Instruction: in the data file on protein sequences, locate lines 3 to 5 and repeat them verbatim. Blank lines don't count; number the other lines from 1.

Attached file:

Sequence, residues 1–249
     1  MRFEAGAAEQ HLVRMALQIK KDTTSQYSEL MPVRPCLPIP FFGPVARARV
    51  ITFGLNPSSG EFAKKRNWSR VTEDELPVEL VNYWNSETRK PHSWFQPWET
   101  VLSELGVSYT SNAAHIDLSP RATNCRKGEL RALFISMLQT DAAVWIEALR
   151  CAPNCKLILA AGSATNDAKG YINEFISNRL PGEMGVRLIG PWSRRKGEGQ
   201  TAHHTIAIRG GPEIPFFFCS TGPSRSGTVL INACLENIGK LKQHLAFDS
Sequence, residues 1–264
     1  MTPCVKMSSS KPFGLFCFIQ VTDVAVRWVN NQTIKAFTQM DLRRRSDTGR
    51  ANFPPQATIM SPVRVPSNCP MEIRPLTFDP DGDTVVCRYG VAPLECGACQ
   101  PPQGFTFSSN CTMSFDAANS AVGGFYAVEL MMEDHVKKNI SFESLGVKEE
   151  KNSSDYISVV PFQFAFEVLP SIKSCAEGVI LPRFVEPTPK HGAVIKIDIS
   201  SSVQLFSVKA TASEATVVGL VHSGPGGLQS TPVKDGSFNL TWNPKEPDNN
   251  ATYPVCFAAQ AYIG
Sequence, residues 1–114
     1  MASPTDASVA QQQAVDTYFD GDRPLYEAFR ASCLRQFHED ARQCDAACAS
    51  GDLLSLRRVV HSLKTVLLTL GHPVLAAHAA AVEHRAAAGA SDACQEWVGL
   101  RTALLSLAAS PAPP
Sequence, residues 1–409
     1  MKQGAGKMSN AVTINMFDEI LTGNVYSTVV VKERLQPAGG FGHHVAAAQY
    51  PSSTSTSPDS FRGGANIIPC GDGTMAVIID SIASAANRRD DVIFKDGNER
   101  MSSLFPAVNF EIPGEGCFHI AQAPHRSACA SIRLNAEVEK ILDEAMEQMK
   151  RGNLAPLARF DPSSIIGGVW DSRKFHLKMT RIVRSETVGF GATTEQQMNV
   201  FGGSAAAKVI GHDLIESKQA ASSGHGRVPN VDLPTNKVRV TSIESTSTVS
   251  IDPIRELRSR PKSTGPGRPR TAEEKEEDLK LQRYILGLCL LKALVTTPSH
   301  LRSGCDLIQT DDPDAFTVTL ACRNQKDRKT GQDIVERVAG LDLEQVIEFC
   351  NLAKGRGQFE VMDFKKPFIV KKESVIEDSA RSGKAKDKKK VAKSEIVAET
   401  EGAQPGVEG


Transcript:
    51  ITFGLNPSSG EFAKKRNWSR VTEDELPVEL VNYWNSETRK PHSWFQPWET
   101  VLSELGVSYT SNAAHIDLSP RATNCRKGEL RALFISMLQT DAAVWIEALR
   151  CAPNCKLILA AGSATNDAKG YINEFISNRL PGEMGVRLIG PWSRRKGEGQ